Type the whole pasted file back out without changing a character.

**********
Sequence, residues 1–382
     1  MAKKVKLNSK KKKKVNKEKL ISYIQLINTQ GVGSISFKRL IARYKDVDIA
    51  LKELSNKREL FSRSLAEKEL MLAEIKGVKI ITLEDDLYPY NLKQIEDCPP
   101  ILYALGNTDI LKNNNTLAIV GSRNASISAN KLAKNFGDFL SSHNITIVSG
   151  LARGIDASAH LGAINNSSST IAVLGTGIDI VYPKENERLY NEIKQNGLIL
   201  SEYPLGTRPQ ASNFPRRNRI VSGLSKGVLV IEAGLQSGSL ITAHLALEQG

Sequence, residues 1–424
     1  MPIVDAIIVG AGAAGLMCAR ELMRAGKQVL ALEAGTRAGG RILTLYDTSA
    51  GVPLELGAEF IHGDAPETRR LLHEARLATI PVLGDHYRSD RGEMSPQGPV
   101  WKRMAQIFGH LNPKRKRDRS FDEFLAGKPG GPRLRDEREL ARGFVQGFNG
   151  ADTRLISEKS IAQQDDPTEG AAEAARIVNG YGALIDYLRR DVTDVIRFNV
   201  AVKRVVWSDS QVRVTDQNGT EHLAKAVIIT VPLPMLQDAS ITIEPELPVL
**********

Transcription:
Sequence, residues 1–382
     1  MAKKVKLNSK KKKKVNKEKL ISYIQLINTQ GVGSISFKRL IARYKDVDIA
    51  LKELSNKREL FSRSLAEKEL MLAEIKGVKI ITLEDDLYPY NLKQIEDCPP
   101  ILYALGNTDI LKNNNTLAIV GSRNASISAN KLAKNFGDFL SSHNITIVSG
   151  LARGIDASAH LGAINNSSST IAVLGTGIDI VYPKENERLY NEIKQNGLIL
   201  SEYPLGTRPQ ASNFPRRNRI VSGLSKGVLV IEAGLQSGSL ITAHLALEQG

Sequence, residues 1–424
     1  MPIVDAIIVG AGAAGLMCAR ELMRAGKQVL ALEAGTRAGG RILTLYDTSA
    51  GVPLELGAEF IHGDAPETRR LLHEARLATI PVLGDHYRSD RGEMSPQGPV
   101  WKRMAQIFGH LNPKRKRDRS FDEFLAGKPG GPRLRDEREL ARGFVQGFNG
   151  ADTRLISEKS IAQQDDPTEG AAEAARIVNG YGALIDYLRR DVTDVIRFNV
   201  AVKRVVWSDS QVRVTDQNGT EHLAKAVIIT VPLPMLQDAS ITIEPELPVL